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The Creative Edge of Collecting The “Nothing” of William Davies King

Walkthrough of the exhibition at UCSB Library with William Davies King

In 2008, UCSB Theater professor William Davies King confronted his lifelong practice of collecting things of little or no value, in his book Collections of Nothing(U. of Chicago Press). Since then, he has transformed the idle collecting of ephemera into something enduring and creative—a story, a teaching, a work of art. He offers this exhibit to the creative imagination of its viewers, with a nod to those who are intrigued by the quirky things that professors do.

Professor King’s course, "Collectors and Collecting," has reached hundreds of UCSB students with the message that collecting can be meaningful, therapeutic, and beautiful, even if the collected objects are as trivial as the little squares that say “Place Stamp Here.” He also pays attention to the hunters of first editions and rare jazz albums, and to those who gather (like Andy Warhol) cookie jars.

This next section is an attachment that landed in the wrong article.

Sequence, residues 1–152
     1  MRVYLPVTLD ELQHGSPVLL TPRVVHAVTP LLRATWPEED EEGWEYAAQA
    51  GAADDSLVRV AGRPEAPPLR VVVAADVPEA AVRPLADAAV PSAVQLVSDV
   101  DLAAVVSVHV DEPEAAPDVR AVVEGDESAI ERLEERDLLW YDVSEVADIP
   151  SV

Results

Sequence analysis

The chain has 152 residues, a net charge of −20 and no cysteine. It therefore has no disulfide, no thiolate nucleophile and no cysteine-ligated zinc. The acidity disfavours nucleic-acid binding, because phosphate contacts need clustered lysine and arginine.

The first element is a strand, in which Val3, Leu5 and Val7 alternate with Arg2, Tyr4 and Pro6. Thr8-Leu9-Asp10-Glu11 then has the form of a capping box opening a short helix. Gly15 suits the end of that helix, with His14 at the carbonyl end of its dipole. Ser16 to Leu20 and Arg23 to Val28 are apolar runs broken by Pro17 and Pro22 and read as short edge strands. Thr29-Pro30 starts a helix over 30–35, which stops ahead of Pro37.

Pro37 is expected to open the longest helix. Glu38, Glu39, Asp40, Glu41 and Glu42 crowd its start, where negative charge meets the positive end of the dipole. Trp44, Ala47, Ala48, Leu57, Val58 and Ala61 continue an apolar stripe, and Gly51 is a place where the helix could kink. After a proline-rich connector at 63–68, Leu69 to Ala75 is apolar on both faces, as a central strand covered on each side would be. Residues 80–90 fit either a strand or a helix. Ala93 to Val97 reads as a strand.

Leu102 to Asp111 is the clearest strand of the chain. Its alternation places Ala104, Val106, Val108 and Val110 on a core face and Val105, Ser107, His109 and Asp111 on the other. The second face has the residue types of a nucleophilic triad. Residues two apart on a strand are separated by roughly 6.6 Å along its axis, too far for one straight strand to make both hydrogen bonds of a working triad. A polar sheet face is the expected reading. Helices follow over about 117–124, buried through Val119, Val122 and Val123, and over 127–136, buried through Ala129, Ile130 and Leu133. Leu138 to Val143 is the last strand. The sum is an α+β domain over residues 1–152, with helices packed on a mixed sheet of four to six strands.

You will find collections in nearly every American household: some are virtual (e.g. Pinterest), some conceptual (e.g. palindromes); some stashed in the basement, some proudly displayed. People tend to collect, and collecting works with a kind of value different from that seen in the marketplace.

What King has done is confront the social and psychological impulses to collect, and also the eye-opening possibilities of the sort of things that one might assemble. This exhibit surveys the range of his efforts to think through the world by holding on to its least-prized fragments. In some cases, his collecting is mere accumulation. In others, he creates a special place—a frame—for how the world’s stuff can be appreciated. And in some cases, he transforms his collected material into a form of collage.

For more information about King's collections, please visit

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